Who’da thought death could be so much fun?

Winnipeg Free Press - Section G - - ENTERTAINMENT - By Kevin Prokosh

RIDE the Cy­clone ar­rives in Win­nipeg from the west, car­ried on a whirl­wind of spec­u­la­tion about how high this in­die mu­si­cal can go up the the­atri­cal food chain.

Broad­way is the dream, as it is for ev­ery stage show with any am­bi­tion, and based on its RMTC Ware­house de­but Thurs­day night, the Atomic Vaude­ville cre­ation is a le­git­i­mate con­tender.

The tale of the pre­ma­ture death of six teen cho­ris­ters from small town Ura­nium, Sask., in a roller-coaster de­rail­ment teems with life: killer per­for­mances, fresh mu­si­cal num­bers, in­ven­tive stag­ing and an end­less sup­ply of loopy black hu­mour.

If the ride gets rough, it’s due to a story by play­wright/di­rec­tor Ja­cob Rich­mond that doesn’t fit to­gether as seam­lessly as it should. Oc­ca­sion­ally it bounces un­steadily over plot en­hance­ments one sus­pects have been added since its 2009 de­but.

We first meet the mem­bers of the St. Cas­sian Cham­ber Choir in some strange post-life limbo that houses the rem­nants of the Won­derville Amuse­ment Park. Seem­ingly in charge of their fu­ture is a robotic for­tune-teller, the Amaz­ing Kar­nack (voiced by Carey Wass), who feels guilty about not telling the high school­ers about their im­mi­nent demise.

He of­fers th­ese losers in the game of life a de-part­ing gift — the chance to save one of them. Each gets to sing his or her story: think a macabre Cana­dian Idol. How the win­ner will be cho­sen is not really clear, but the rules change ar­bi­trar­ily a cou­ple of times any­way to patch over po­ten­tial nar­ra­tive glitches.

Each of the six saints, as they are dubbed in their town news­pa­per, gets a fi­nal mu­si­cal say, backed by a four-piece band of red-eyed rats, whose mother ro­dent has just about gnawed through the elec­tric ca­ble that is Kar­nack’s life­line.

First to per­form is whole­some high-achiever Ocean (Rielle Braid), who wants the prize the most. This Miss Per­fect brings to mind Glee’s Rachel Berry in her un­re­lent­ing drive to suc­ceed and ob­vi­ous tal­ent. Ocean’s num­ber nat­u­rally cli­maxes with her on top of a hu­man pyra­mid of her com­peti­tors, crow­ing, “What a rush.”

The young peo­ple talk a lot about their home town, where Di­ver­sity Day typ­i­cally in­volved a brief pa­rade con­sist­ing of cherry-cheeked Noel Gru­ber (Kholby Wardell), the only gay man in Ura­nium, Sask., and an adorable Chi­nese cou­ple who were really Korean. Noel’s fan­tasy is have been born in a dif­fer­ent place and time, prefer­ably as a sleazy pros­ti­tute in black lin­gerie and torn stock­ings in post-Sec­ond World War France. Wardell’s sen­sa­tional, steamy per­for­mance gives Ride the Cy­clone its first thrill and con­vinc­ing ev­i­dence that it’s more than an over-striv­ing fringe fes­ti­val hit.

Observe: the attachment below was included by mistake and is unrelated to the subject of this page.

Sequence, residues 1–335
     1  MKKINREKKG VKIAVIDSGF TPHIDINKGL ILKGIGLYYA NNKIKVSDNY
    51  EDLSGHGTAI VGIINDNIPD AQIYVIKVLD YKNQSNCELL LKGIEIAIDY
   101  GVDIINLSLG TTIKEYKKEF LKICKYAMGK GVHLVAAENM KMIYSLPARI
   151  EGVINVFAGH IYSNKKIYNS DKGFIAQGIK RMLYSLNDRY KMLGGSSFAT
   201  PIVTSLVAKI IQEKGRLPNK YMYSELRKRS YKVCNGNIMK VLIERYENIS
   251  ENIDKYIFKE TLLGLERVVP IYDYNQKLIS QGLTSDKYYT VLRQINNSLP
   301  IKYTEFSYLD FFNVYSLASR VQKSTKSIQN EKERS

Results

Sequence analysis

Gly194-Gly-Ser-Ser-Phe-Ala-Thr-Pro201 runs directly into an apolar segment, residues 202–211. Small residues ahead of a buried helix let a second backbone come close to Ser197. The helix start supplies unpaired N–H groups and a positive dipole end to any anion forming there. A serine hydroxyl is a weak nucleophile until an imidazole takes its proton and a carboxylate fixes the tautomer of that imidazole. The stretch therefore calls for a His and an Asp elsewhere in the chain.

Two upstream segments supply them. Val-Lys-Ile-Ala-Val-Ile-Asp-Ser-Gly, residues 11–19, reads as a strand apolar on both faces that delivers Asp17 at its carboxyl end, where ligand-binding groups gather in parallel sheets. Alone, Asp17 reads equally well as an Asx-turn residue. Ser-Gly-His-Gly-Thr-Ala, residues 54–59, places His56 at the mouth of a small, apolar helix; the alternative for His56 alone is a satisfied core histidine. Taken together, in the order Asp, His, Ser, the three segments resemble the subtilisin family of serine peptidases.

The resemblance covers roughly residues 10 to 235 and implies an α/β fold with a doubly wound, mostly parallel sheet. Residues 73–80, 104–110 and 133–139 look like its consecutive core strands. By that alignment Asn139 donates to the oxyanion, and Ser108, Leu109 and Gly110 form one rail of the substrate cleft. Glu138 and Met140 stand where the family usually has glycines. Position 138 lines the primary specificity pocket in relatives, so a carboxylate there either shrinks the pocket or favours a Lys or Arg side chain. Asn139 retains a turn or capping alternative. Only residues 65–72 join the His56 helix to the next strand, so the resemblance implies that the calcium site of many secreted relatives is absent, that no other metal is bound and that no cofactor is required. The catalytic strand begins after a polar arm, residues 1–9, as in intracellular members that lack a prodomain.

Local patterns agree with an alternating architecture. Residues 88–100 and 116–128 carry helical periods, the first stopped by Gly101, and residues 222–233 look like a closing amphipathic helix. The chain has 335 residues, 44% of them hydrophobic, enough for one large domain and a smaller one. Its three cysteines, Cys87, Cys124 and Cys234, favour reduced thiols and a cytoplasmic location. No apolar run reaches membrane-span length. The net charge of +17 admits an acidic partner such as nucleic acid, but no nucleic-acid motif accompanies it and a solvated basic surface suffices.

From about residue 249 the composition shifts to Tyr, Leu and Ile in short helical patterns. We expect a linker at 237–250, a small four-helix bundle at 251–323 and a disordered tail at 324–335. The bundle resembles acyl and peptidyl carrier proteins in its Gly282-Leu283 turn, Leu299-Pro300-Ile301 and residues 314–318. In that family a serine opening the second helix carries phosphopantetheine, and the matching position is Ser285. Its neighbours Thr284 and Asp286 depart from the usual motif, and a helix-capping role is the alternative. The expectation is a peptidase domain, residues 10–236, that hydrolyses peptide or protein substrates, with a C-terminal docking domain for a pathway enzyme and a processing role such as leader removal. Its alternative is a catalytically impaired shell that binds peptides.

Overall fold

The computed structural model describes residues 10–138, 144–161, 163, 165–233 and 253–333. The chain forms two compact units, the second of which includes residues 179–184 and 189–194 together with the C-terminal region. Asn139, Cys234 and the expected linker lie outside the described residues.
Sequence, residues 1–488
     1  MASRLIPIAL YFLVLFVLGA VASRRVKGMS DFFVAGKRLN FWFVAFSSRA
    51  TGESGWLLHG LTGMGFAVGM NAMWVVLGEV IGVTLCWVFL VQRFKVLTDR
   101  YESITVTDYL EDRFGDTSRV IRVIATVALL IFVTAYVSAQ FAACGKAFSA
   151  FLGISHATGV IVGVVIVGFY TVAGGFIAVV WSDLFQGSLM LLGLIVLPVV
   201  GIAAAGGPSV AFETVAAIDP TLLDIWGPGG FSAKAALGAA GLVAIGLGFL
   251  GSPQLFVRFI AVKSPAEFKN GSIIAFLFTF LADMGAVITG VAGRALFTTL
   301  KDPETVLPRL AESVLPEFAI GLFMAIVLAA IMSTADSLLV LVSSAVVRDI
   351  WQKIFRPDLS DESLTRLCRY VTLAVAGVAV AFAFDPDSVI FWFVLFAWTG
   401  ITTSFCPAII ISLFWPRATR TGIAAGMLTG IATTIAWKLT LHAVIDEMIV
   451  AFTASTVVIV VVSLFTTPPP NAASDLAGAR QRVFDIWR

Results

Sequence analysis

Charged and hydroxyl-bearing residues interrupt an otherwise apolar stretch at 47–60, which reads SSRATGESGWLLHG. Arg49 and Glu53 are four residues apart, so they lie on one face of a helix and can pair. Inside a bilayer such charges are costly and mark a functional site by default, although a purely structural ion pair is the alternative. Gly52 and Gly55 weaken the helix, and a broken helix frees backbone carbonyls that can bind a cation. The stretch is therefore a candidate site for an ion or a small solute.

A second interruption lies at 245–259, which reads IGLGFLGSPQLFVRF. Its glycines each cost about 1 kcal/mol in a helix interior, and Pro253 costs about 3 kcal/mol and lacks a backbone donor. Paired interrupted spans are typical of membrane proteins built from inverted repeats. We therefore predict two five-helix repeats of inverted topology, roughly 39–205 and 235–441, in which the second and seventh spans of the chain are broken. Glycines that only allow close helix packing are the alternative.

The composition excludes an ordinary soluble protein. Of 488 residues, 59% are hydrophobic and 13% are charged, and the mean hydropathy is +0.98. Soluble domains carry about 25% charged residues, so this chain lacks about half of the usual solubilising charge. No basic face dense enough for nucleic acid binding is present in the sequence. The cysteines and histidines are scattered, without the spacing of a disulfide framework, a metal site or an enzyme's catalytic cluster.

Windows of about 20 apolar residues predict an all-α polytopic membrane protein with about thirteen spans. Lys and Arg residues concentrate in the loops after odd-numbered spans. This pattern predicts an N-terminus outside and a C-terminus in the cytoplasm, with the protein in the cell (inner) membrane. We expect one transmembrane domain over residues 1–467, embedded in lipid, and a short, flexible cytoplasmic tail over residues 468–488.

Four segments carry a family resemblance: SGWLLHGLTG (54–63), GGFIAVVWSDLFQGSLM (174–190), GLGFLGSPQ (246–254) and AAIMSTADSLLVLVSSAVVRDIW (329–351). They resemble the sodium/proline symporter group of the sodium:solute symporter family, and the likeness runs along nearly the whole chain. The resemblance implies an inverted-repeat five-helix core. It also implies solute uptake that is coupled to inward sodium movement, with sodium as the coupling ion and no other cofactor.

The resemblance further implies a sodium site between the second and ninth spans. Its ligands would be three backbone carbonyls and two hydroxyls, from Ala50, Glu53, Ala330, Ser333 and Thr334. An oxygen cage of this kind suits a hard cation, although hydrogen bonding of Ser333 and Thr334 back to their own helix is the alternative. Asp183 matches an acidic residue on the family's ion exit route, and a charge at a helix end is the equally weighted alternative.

Misha (Jame­son Matthew Parker, who ap­peared on the same stage in last sea­son’s Red) is an im­mi­grant from Ukraine whose du­bi­ous claim to fame is that he is the best rap­per in north­west­ern Saskatchewan. He has an In­ter­net girl­friend back home whom he des­per­ately want to join. His rap num­ber ends im­pres­sively with him in­ter­act­ing with film of her be­fore he joins her on­screen.

Ricky Potts (El­liott Lo­ran) suf­fered from spina bi­fida, but in the af­ter­life, he throws away his crutches and morphs into a Ziggy Star­dust-like glam-rocker in a me­tal­lic lime green cape while belt­ing out Space Age Bach­e­lor Man to a col­lec­tion of ador­ing cats.

An­other high­light is the ap­pear­ance at cen­tre stage of the creepy Jane Doe (Sarah Jane Pelzer), the mys­tery girl who has been aim­lessly wan­der­ing around wear­ing black con­tacts while snug­gling a head­less doll that mir­rors her de­cap­i­ta­tion in the ac­ci­dent. No one knows who she is and Jane is wor­ried about hav­ing no one to mourn her at her funeral. Pelzer un­leashes her di­vine so­prano voice on the heart­break­ing Who I Am.

Last but not least to come for­ward is Con­stance Black­wood (Kelly Hud­son), the town’s nicest girl, who is some­what em­bar­rassed that she is con­tent to have lived and died in Ura­nium. Hud­son is ever so poignant, singing about her lit­tle life be­ing like a jaw­breaker: “It sucks and sucks and sucks some more.”

There is an ap­peal­ing raw en­ergy and orig­i­nal­ity that per­me­ate this 95-minute ride. Di­rec­tor Rich­mond and his artis­tic team miss no op­por­tu­nity to up the en­ter­tain­ment value. Ev­ery pro­duc­tion num­ber is en­hanced with Treena Stubel’s rous­ing chore­og­ra­phy and James Insell’s pleas­ing car­ni­val set. Brooke Maxwell’s songs and ar­range­ments are all over the mu­si­cal map but each con­tains a con­tem­po­rary ur­gency.

Like the six teens, Ride the Cy­clone is hop­ing for an­other life, one as an in­ter­na­tional tour­ing pro­duc­tion that has New York City on its travel plans. A look into Kar­nack’s crys­tal ball re­veals a promis­ing fu­ture off-Broad­way.

Singer/ac­tor Paul Wil­liams went from ubiq­uity to in­iq­uity thanks to drugs and al­co­hol.

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